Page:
Despite Milliken’s efforts to get the economy going, Michigan’s unemployment rate was at 15 percent when James Blanchard was elected governor in 1982. Gov. Blanchard therefore put in place his own interventionist plans to get the economy moving. His most notable program was the Michigan Strategic Fund, created in 1984.
The fund consolidated the functions of the two previous gubernatorial efforts and was likewise "designed to aid new and expanding businesses." This end would be achieved through "loan guarantees, bond guarantees and loans to expand public works to serve business expansion."
Gov. John Engler eschewed such economic central planning early in his tenure, but then entered the fray with perhaps as much energy as his predecessors. He consolidated economic development programs into one agency and then began creating entirely new policies and programs. In 2000, Site Selection magazine gave Michigan an award for its alleged successes. Doug Rothwell, the state’s chief job czar at the time, touted the achievement: "The award is a great reminder of how far we’ve come. We’ve hit elite status among states. It is proof positive that Michigan’s stable economy isn’t a fluke."
Rothwell segued from this statement to one about "technology companies and Internet races [that] are responsible for a flourishing economy that’s here to stay." He cited as evidence Traverse City’s All Outdoors Inc. Ironically, All Outdoors went out of business the following year.
More than 50 years of economic development history in Michigan should be enough to convince us that the emperor has no clothes. If these programs actually worked, we’d be fully diversified by now. Instead, we continue to lose the race for jobs while politicians concoct new economic chimeras. Indeed, since December 1995, when the state most recently boosted its development efforts, Michigan ranks 50th among the states in percentage employment growth.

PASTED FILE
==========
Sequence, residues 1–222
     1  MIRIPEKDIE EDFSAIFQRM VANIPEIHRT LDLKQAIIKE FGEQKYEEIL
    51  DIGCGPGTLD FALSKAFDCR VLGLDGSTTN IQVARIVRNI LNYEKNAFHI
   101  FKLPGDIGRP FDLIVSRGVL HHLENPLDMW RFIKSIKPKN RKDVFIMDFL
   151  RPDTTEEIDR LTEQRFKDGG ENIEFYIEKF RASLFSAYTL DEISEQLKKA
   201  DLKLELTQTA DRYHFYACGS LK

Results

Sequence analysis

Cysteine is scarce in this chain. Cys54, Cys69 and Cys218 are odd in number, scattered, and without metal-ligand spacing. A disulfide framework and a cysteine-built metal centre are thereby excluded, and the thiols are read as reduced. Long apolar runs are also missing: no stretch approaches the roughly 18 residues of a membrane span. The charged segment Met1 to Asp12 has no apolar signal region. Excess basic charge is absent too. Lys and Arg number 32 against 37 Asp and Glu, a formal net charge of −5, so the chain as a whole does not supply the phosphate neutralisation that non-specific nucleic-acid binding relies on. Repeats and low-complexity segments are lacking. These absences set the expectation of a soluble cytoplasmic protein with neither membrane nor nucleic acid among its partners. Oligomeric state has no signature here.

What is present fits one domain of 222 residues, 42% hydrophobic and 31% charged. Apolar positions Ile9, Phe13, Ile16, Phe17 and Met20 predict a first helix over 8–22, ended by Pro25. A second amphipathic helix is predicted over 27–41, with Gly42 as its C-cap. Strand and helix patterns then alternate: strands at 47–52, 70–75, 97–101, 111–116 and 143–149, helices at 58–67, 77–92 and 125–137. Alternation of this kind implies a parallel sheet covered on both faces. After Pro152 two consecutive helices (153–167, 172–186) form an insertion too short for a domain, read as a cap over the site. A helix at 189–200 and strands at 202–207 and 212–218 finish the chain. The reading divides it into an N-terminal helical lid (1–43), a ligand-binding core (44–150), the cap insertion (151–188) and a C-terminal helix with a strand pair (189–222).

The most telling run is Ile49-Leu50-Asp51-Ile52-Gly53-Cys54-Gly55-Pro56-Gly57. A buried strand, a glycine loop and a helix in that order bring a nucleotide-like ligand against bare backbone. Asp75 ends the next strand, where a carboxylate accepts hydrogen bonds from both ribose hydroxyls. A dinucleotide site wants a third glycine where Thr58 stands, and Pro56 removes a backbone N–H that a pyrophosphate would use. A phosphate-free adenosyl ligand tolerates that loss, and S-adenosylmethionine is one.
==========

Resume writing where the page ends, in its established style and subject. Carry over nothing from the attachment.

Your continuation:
Lansing bureaucrats suffer from what Nobel Memorial Prize-winner F.A. Hayek called "the fatal conceit." This is the notion that economic central planners can survey a complex economy, grasp it in all its nuance and detail and then improve it in a way that produces a better result than if they had just left everything alone. History and evidence suggest that this new spending program being promoted by Gov. Granholm, however bold it may be, will fall far short of achieving its intended purposes.
Rather than relying on the tired programs of the past, today’s state leaders should consider a tack that follows a simple but proven prescription: protecting economic liberty. Cut taxes across-the-board, pass a "right-to-work" statute and roll back onerous regulations.
After six decades of interventionist schemes promising to diversify the economy and create jobs, it is time for politicians to admit the truth: These efforts don’t work. If they did, there wouldn’t be a chronic need to add yet another program to Michigan’s dubious state economic development history.
Michael D. LaFaive is director of fiscal policy at the Mackinac Center for Public Policy, a research and educational institute headquartered in Midland, Mich. Permission to reprint in whole or in part is hereby granted, provided that the author and the Center are properly cited.